Writing a OGC web service in Python using WSGI

I’m working on a new implementation of the WMS response for Pydap. The response allows you to transform any served dataset into a full WMS server by appending .wms to its URL. This is useful for visualizing datasets on an embedded Openlayers or Google Maps widget, for example.

There are three basic OGC web services — WMS, WFS and WCS — and their behavior is very similar. For WMS, the first request issued by a client is to get the supported capabilities of the server:


The server will return a XML document describing what layers are available, what image formats it supports, and so on. WMS server return images of the dataset, depending on the request. Here' a hypothetical request for an image:


Some of these parameters in the query string are compulsory (eg, SERVICE=WMS), some are optional with defaults (eg, BBOX) and others have a list of possible values (eg, LAYERS must be a valid layer). Handling this on WSGI (using something like WebOb) can take a lot of work, so I wrote a decorator to simplify the process.

Using the decorator, we can write our WSGI app like this:

class WMSServer(object):
    def __init__(self):

    def __call__(self, environ, start_response):
        # I'll talk about this later

    @wxsrequest(SERVICE='WMS', LAYERS=['SST', 'SLP'])
    def GetMap(self, LAYERS, BBOX='-180,-90,180,90', FORMAT='image/png'):

The wxsrequest decorator takes care of all the bookkeeping. It will ensure that:

  1. SERVICE=WMS is set in the request URL.
  2. LAYERS is set, and is either SST or SLP.

It will also map the query string parameters to the function, passing LAYERS, BBOX and FORMAT in the function signature, so we don’t need to extract them from the query string.

How does __call__ look like? This is our dispatcher:

from webob import Request
from webob.exc import *

def __call__(self, environ, start_response):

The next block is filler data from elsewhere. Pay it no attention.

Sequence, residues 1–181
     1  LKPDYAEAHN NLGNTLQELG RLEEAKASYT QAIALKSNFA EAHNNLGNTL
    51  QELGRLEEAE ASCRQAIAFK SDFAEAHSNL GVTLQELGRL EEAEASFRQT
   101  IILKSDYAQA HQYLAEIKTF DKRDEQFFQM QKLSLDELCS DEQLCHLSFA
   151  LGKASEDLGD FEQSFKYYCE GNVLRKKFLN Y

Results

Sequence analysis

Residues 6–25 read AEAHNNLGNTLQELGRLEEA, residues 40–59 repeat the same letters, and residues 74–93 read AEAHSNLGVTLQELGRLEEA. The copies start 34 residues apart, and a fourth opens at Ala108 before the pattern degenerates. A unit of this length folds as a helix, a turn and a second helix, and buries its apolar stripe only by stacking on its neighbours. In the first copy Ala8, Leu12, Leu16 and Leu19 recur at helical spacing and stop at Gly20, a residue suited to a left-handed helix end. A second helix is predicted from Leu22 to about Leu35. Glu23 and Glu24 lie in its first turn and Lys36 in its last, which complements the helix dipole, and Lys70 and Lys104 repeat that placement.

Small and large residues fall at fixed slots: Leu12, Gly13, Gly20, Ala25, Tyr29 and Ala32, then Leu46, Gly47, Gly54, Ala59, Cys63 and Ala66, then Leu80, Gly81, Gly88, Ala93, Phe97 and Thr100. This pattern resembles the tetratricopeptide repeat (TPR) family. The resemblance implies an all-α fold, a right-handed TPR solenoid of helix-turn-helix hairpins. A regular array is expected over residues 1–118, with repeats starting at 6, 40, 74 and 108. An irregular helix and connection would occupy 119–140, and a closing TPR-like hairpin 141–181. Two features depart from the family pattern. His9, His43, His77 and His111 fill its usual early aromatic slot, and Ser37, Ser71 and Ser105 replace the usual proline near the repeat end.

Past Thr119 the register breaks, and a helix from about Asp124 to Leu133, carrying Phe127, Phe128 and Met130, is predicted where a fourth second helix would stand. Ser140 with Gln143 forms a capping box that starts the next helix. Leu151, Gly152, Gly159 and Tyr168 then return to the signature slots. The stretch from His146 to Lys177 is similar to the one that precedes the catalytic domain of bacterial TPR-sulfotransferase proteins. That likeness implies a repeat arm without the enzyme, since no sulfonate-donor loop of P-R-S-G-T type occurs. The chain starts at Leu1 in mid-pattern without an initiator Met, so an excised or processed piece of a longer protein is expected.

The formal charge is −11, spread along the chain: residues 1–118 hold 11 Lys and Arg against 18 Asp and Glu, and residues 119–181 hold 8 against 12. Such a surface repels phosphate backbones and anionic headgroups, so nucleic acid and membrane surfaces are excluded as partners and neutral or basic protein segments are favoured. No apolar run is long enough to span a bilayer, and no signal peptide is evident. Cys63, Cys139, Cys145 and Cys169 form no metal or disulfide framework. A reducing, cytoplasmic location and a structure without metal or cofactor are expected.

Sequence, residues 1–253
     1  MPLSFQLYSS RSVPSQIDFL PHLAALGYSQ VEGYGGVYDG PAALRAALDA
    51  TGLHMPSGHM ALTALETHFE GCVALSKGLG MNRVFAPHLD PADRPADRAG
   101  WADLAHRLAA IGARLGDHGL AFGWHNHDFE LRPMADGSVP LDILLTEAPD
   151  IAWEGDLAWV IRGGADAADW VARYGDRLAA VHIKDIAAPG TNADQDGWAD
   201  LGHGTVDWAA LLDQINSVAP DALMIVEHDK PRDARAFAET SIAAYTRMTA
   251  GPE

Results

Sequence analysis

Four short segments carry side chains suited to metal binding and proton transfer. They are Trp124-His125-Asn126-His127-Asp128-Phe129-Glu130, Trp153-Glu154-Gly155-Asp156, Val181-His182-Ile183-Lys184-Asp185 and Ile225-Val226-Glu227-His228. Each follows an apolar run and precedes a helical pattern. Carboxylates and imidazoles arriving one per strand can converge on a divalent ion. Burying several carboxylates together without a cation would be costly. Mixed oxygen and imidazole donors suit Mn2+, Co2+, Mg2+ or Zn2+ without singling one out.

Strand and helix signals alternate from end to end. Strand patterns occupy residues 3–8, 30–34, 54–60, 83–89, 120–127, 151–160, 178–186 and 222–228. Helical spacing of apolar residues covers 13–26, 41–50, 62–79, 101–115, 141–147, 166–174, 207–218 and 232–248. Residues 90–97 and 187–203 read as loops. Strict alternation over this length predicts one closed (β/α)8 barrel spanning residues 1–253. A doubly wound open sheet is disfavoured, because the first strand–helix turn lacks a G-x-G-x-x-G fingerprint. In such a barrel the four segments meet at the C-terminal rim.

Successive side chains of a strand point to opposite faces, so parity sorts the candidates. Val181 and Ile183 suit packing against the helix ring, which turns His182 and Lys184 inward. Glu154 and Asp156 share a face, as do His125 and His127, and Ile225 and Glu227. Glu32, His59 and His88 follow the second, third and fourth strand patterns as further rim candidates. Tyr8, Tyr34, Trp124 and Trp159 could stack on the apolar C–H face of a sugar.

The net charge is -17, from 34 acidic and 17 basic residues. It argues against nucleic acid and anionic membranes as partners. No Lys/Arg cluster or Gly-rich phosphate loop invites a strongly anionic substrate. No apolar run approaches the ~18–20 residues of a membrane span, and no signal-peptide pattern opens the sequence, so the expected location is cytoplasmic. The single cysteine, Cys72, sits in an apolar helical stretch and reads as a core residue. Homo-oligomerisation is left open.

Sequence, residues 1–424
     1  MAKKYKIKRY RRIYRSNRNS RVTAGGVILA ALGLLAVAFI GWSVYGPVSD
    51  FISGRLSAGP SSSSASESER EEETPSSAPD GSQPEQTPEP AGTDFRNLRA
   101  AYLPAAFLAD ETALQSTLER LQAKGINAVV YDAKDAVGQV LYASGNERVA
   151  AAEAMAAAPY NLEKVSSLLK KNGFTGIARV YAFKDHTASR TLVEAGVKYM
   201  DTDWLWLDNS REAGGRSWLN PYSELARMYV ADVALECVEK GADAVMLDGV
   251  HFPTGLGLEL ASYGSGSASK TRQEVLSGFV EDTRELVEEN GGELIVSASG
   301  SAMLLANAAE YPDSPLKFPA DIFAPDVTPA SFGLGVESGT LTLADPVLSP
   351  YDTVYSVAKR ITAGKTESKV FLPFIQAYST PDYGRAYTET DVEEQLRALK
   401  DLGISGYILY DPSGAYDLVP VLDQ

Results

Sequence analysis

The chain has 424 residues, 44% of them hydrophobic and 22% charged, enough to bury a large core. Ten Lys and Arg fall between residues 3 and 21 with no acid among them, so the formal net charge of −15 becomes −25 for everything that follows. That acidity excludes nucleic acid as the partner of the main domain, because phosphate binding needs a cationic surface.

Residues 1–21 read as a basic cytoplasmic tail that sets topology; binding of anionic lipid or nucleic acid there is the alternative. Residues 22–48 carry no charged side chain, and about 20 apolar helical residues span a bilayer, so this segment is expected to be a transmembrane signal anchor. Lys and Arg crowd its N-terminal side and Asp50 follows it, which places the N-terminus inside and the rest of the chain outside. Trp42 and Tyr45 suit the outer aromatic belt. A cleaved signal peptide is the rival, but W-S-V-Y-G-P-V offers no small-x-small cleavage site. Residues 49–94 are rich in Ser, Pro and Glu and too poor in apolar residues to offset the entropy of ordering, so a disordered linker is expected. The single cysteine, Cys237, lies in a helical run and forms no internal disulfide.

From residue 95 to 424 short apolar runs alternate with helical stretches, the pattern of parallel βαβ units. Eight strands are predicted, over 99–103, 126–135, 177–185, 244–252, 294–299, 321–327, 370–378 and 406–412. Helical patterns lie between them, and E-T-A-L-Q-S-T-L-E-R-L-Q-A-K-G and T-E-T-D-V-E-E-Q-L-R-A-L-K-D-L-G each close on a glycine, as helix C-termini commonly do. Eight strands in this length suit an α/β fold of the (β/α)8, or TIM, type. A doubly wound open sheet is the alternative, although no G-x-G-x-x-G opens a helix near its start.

req = Request(environ)
        request = req.GET.pop('REQUEST')
        method = getattr(self, request)
        res = method(req)
    except KeyError:
        res = HTTPBadRequest('Missing parameter "REQUEST".')
    except AttributeError:
        res = HTTPBadRequest('Invalid parameter for "REQUEST".')
        res = HTTPInternalServerError()
    return res(environ, start_response)

What it does is: if REQUEST is not present in the query string it will return a 400 Bad Request status saying so; the same if it set to a value that is not available as method in our class. Other errors are returned as 500 Internal Server Error, and we can optionally add the traceback to the response here, to give more information.

Assuming everything goes ok, the request object from WebOb is passed to the corresponding method, that is wrapped by the decorator. The decorator will ensure that the query string is correct and unwrap the parameters as arguments to the method call.

The final piece here is our decorator:

import inspect

def decorator(method):
    def out(self, req):
        # check that all required arguments where passed
        spec = inspect.getargspec(method)
        n = len(spec.args) - len(spec.defaults or [])
        for arg in spec.args[1:n]:  # skip self
            if arg not in req.GET:
                return HTTPBadRequest('Missing parameter "%s".' % arg)

        # check if parameters are all valid
        for arg, value in required.items():
            if not isinstance(value, (list, tuple)):
                value = [ value ]
            if arg not in req.GET:
                return HTTPBadRequest('Missing parameter "%s".' % arg)
            elif req.GET[arg] not in value:
                return HTTPBadRequest('Invalid parameter "%s".' % arg)

        # remove extra parameters from the URL
        kwargs = { k.lower() : v for (k, v) in req.GET.items()
                if k in spec.args }
            return method(self, **kwargs)
        except TypeError:

    return out
return decorator

The decorator uses the inspect module to analyze the method signature and ensure that all required parameters are available and conform to the required values. It also strips other parameter in the query string that are not required by the method; this removes the need of writing our methods with a **kwargs catchall for unrelated parameters that may be on the URL.

Xargs to run commands in parallel

I recently found out xargs had options to parallelize what it is working on. I finally had a good reason to try it. I'm processing log files for the last year. Each day is it's own unique standalone task. My workstation is has 1 CPU with 6 cores that are hyperthreaded to give 12 logical cores. So... I asked xargs to run the processing script with 6 day log files and to run 10 processes in parallel. Zoom!
ls 2012*.tar | xargs -n 6 -P 10 process_log_files.py

Cool, I didn't know that xargs can parallelize it's work.